Couples at some point had endured all they could and needed to stop their pain and isolation.  They halted their journey and reframed their situation to some form of acceptance with a true and deep intention to allow what was meant to be. . .to be.  They never gave up their need for parenthood. They just knew they needed to take time to heal.  For our participants, once they found a true peace in their decision, and then began to live that peace, 91% of these couples experienced a natural conception within 12 months.  


We continue to try and understand how this might happen.  We do know that it is not about the “just relax”, “go on vacation”, or “adopt” and it will happen that we hear from well-meaning others who have not experienced the devastation infertility can bring.  No!  That was not it at all.  There was a definable cognitive shift in the way they viewed life.  They spoke of finding wholeness, became kinder to themselves and talked about a feeling of gratefulness for what was now in their life.   They were letting go of past disappointments and not needing to try and control the future. We heard them say that they were living in the now of their life, trusting it.  It is what it is, and whatever it is, we’ll be ok.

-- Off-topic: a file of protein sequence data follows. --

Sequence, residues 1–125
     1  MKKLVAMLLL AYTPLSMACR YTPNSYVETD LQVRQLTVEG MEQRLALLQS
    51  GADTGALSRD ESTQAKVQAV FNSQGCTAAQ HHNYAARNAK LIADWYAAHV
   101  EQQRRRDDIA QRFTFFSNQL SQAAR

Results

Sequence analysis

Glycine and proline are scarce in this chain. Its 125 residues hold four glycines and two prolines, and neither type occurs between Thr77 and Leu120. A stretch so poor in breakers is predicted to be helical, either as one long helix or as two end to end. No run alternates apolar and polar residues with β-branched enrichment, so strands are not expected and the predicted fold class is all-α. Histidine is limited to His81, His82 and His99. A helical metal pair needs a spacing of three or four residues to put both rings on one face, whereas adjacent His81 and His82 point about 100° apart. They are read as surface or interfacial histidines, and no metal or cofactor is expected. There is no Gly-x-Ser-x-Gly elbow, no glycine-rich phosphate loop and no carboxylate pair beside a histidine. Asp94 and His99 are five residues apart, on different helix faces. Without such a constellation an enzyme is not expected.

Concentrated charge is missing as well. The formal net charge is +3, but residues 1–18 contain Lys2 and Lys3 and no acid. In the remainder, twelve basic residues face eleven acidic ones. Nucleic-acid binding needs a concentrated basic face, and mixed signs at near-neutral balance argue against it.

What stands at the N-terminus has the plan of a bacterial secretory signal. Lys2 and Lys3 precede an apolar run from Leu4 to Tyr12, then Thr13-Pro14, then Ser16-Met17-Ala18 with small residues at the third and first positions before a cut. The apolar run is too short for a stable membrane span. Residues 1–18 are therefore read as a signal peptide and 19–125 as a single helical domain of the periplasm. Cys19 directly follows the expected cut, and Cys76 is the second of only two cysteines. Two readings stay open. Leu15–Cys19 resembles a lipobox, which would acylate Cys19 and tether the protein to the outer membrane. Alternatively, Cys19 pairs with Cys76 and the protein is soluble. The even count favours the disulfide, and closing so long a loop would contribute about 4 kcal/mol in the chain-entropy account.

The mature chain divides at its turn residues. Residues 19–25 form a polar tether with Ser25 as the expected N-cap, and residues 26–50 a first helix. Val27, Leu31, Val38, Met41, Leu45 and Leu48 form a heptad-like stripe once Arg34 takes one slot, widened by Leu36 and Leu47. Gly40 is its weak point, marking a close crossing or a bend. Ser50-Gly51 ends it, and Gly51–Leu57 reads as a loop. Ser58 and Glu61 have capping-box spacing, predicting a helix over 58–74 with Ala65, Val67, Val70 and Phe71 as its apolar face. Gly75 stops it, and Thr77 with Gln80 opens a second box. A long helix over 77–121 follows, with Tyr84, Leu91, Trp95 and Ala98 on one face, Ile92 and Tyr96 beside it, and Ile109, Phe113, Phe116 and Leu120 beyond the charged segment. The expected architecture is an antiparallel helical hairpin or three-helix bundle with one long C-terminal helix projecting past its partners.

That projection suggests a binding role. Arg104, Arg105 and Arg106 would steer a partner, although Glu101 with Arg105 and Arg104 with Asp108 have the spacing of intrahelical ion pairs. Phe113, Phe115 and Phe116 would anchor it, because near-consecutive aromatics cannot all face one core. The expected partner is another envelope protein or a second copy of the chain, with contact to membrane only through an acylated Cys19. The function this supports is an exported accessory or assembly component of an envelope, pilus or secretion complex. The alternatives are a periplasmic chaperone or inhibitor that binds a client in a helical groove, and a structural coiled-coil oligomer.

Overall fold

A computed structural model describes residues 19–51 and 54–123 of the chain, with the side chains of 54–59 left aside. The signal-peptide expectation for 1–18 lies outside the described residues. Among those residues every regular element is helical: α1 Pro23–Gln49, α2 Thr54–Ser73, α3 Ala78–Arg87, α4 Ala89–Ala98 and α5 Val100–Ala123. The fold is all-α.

Our program is designed to facilitate awareness and bring couples to a place of peace within their journey, find hope in reframing and seek the courage to know that we cannot control what is to be.  With that said, I wanted to share with you our journey map that highlights the core stages that we found in our research.  I will ask you to review and reflect and see if you can find yourself in one of the tipping points on your journey.   Finding and seeing ourselves is one of the first steps in healing the hole that comes from a desperate need for something that we can’t control. (Organic Conceptions’ Journey Map). 

I now the vulnerability that comes when we search our heart for answers.  But if you’re feeling courageous and want to learn more, I you would love to hear from you!  If you would like to reply to this note and share with me where you think you are on your journey and why, I will commit to responding with a few suggestions that might help you progress forward on your journey or help you identify an advocate.  Please know that there is NO right or wrong way to move through this journey: though through movement and mindful choices healing happens.   Even though your journey may feel uniquely yours, it is. nonetheless, shared by millions of couples and there is great empowerment in knowing that you are not alone.  

I sincerely look forward to earning your trust and working with you on your journey to parenthood.

 In Kindness, Kate Webster